So can I keep all three monitors, and use the TV only while reviewing finished videos? That’s a better plan, and helps me keep my distance. If I’m not using the giant screen all the time, I can keep my main monitors for regular tasks, stay in a decent ergonomic position, and simply slide my chair back to a better spot to review on the TV. OK!
Though there isn’t enough physical room to fit all three monitors in a line, my 27” can pivot to portrait, and that means I have just enough space. Vertical orientation can actually be pretty great for writing and reading longer documents, showing the Browser in FCP, and scrolling through your social media platform of choice. Not every screen can do this, and you’ll need to change the display’s orientation in System Settings or Preferences, but it’s easy enough.
Retina scaling and beyond
As well as screen orientation, you’ll want to pay close attention to the scaling that macOS applies to all your screens, because it can make a huge difference to usability. For many years, all internal Mac displays have been Retina-class, using multiple real hardware pixels to display a lower “looks like” apparent resolution with far smoother text and UI elements. At least originally, video displayed in Final Cut Pro and images in Photoshop bypassed this scaling and used the true 1:1 pixels in the display for image data.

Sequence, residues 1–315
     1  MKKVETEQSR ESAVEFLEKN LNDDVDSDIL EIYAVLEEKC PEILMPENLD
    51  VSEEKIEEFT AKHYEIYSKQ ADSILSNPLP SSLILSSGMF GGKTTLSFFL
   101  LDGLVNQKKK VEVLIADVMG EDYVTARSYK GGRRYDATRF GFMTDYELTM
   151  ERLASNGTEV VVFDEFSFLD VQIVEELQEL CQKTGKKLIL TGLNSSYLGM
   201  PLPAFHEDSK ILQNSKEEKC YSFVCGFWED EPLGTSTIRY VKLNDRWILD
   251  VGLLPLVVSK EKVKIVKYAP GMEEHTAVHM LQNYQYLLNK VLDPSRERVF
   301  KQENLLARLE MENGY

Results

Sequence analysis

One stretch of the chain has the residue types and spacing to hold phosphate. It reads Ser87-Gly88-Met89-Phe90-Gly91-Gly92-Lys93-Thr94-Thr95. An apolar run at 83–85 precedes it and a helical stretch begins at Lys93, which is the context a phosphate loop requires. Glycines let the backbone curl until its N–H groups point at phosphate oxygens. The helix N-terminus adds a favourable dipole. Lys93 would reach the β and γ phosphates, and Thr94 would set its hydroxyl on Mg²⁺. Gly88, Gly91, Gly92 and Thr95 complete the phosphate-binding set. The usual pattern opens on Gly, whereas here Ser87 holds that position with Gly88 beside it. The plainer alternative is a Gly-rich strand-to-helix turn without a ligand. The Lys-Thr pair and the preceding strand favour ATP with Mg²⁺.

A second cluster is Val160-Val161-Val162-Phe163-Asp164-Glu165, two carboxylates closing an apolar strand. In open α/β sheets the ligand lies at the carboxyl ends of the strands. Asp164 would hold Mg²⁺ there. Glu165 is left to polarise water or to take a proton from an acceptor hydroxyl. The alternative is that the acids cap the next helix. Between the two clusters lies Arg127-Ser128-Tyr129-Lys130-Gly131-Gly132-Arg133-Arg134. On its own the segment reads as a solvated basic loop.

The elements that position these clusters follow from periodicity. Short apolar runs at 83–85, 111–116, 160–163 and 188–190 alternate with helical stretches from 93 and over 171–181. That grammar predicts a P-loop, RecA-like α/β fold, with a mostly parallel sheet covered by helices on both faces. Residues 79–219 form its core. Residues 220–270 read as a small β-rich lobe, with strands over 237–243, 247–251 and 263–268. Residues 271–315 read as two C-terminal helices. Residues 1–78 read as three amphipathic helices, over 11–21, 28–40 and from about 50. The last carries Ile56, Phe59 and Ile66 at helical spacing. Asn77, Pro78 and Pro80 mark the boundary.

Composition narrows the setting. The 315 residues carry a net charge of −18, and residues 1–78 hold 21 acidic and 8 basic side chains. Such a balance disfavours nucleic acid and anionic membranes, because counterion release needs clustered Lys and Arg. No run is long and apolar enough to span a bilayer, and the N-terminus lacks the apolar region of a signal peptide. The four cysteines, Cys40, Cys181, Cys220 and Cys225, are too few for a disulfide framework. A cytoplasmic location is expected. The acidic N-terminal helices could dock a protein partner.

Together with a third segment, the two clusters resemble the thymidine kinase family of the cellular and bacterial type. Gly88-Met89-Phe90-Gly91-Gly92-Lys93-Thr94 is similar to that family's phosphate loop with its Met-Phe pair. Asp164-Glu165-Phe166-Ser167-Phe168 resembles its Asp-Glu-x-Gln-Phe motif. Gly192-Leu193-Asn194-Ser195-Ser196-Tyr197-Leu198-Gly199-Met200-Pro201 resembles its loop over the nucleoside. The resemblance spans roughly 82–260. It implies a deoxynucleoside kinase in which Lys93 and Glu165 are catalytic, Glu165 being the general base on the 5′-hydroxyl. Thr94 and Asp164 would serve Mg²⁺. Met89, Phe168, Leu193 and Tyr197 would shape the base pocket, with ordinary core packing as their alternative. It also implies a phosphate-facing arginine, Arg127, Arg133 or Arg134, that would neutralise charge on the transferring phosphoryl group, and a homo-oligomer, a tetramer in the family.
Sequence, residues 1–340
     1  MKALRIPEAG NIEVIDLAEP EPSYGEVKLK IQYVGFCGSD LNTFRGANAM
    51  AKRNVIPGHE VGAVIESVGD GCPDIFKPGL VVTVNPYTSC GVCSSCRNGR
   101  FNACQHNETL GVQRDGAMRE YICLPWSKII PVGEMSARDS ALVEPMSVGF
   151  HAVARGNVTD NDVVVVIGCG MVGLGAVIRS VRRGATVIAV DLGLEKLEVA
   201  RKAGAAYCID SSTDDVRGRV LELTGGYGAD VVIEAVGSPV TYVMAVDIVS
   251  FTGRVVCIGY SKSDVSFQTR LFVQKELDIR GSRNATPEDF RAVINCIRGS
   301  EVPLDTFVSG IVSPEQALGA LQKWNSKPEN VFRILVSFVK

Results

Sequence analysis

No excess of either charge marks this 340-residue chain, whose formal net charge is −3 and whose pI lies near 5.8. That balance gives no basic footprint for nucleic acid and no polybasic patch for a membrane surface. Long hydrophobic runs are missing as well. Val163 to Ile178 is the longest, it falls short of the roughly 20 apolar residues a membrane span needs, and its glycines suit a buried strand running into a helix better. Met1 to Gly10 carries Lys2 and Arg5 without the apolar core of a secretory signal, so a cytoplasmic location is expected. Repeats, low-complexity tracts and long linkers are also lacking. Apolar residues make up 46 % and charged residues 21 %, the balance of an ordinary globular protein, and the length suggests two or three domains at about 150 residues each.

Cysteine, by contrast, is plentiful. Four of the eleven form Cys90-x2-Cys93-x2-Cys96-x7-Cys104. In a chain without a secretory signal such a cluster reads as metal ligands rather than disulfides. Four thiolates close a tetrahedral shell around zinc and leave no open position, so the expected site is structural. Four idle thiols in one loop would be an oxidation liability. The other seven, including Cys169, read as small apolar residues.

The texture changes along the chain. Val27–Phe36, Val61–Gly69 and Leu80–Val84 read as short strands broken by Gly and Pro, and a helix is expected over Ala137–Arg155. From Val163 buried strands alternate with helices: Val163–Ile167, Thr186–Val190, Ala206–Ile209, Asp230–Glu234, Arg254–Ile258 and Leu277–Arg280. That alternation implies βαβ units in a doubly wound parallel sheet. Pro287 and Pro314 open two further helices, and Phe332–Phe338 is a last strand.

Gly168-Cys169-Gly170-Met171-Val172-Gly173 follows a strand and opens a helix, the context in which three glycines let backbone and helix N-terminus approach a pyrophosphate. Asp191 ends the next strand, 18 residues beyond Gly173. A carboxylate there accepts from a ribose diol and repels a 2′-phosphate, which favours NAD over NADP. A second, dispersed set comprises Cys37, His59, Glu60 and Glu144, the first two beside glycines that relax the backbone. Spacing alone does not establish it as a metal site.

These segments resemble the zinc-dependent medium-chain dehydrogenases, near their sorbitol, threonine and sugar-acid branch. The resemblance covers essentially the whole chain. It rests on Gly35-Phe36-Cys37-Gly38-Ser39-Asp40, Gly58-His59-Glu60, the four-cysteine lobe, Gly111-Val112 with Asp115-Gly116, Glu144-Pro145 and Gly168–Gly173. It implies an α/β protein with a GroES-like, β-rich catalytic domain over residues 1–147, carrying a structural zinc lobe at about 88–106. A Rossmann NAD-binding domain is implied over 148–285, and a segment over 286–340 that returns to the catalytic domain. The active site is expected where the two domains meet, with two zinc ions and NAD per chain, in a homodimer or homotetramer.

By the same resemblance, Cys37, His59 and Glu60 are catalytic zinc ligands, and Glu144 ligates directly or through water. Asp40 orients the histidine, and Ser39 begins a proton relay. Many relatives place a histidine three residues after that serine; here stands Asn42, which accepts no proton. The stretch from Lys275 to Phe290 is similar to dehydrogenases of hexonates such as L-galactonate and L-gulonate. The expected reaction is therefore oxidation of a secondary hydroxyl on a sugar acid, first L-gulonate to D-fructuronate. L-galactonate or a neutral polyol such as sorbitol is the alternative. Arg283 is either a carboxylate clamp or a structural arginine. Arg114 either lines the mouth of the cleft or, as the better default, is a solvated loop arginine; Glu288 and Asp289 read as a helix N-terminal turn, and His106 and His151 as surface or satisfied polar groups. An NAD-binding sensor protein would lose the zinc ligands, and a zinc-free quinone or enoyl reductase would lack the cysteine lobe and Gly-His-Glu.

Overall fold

This isn’t always how it works today. When Retina was first introduced, the default scale was 2:1, so four real pixels (two horizontal by two vertical) became one smooth virtual pixel. A 4K display showed the same information as a 1920x1080 display, with much smoother text and UI. But somewhere along the line, the default scaling factor used in some of Apple’s laptops shifted, to show more pixels on screen. The MacBook Air M2, for example, has a native resolution of 2560x1664, but a default “looks like” resolution of 1470x956, not the 1280x832 you’d see at 2:1.
To achieve this, all output is scaled to a virtual resolution that’s higher than the true resolution, then scaled down to fit the display. The scaling algorithms are very good, and most users won’t notice, but using a scaling factor other than 2:1 means that media apps can’t show the true pixels 1:1. This may or may not matter to you.